Life is back in full swing here in Shanghai. I am a bit exhausted, but loving it nonetheless. I started my first week of full-time Mandarin classes and I couldn't be more thrilled. I love it. It's a bit challenging this week because I have had a crazy schedule in combination with jet lag and a no carb diet. I think my teacher wonders if I have a brain at all. I am beginning to wonder the same.

I just returned from a meeting in the center of the city. The weather is amazing and gorgeous! Considering I left the land of frozen tundra a mere five days ago, the 70 degrees we are experiencing here seems all the more miraculous.

Days like today make me want to grab my camera and go wander the streets. I should probably unpack my bags from our home trip before I go and do that though....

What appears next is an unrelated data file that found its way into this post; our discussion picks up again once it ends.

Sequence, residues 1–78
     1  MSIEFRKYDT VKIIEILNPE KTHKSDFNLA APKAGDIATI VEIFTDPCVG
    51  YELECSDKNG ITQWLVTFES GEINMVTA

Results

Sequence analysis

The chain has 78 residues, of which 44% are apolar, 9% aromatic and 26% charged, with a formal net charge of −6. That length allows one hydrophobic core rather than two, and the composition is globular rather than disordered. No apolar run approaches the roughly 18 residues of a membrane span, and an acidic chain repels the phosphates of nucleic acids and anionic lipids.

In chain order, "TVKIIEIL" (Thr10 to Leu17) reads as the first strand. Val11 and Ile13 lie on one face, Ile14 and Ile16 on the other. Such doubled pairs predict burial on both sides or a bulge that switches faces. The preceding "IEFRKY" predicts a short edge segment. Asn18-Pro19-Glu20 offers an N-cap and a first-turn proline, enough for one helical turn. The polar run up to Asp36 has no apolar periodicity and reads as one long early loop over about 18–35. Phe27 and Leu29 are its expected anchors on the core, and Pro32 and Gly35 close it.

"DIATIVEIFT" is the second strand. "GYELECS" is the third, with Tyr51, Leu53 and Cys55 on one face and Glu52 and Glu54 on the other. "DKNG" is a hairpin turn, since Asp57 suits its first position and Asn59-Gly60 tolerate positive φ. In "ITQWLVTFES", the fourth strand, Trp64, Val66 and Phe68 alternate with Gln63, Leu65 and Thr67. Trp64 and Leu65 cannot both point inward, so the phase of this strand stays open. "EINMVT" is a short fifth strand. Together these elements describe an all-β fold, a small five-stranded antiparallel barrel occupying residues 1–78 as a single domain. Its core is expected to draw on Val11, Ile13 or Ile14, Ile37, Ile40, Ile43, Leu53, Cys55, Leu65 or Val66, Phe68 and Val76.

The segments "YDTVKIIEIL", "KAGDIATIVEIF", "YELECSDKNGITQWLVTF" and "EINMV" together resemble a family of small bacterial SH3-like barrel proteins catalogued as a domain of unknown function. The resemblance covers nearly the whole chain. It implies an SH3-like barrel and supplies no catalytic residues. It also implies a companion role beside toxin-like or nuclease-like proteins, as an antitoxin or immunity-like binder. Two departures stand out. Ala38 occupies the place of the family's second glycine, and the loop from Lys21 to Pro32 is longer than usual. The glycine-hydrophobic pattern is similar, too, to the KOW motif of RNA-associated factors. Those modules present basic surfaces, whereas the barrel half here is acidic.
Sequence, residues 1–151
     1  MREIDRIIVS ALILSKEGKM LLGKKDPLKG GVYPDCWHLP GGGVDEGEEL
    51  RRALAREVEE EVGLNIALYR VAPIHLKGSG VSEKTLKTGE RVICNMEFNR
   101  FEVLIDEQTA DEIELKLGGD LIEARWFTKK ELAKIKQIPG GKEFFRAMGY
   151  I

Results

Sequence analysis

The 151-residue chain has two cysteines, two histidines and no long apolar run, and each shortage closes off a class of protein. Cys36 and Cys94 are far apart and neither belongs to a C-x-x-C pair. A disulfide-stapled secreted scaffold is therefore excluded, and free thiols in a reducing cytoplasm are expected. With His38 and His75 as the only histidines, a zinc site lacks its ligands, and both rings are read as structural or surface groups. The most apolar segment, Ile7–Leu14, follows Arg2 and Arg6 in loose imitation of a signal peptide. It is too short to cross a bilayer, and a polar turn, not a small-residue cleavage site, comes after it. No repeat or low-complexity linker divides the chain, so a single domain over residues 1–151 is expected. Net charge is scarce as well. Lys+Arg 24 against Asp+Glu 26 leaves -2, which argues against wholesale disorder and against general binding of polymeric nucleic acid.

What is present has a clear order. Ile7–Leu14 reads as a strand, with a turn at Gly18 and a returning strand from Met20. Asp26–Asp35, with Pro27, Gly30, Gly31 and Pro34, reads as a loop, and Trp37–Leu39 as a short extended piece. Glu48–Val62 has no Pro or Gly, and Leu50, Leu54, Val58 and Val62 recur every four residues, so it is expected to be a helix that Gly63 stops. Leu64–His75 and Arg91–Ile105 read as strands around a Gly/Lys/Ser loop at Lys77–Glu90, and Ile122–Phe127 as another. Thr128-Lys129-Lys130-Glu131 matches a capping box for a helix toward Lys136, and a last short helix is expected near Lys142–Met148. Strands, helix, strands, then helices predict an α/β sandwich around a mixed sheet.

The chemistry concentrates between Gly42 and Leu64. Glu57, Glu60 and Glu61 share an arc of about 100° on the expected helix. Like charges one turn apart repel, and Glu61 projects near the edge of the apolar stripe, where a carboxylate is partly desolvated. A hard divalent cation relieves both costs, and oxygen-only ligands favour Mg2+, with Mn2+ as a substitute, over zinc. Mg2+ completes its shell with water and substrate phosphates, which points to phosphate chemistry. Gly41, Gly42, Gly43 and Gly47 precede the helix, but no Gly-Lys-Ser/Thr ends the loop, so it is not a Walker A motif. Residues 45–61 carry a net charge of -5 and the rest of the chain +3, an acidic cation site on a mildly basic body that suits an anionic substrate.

Off to do some unpacking.

Monday, February 9, 2009

Back Home

We're back from the US. I enjoyed my trip home. I loved seeing family and friends and spending time with the people we love.

I am really happy to be back in Shanghai though. After 2.5 weeks and 7 different beds, my body and mind needed my bed, my home, and my routines. I wouldn't describe myself as a creature of habit, but living the life of an expatriate and traveling as much as we are blessed to; has certainly brought out more of my "routine prone" side.

Phil and I flew into Shanghai on Sunday afternoon and went right into the swing of things on Monday morning. Phil went into work and has an insanely full schedule. I am starting my full time Mandarin lessons this afternoon (poor teacher gets my jet-lagged brain for a few more days :). It's as if time didn't stop- we just slotted right back into the insanity of our lives here... And I love it!

-Phil and Jen

Thursday, January 15, 2009

Shanghai Resolution

The week has, in usual fashion, flown by. In a little over four days- Phil and I will be boarding a plane and going back to the States for a visit. There has been much to do in preparation, and the list has barely shortened. So before we board our plane on Tuesday, I have a lot more to accomplish.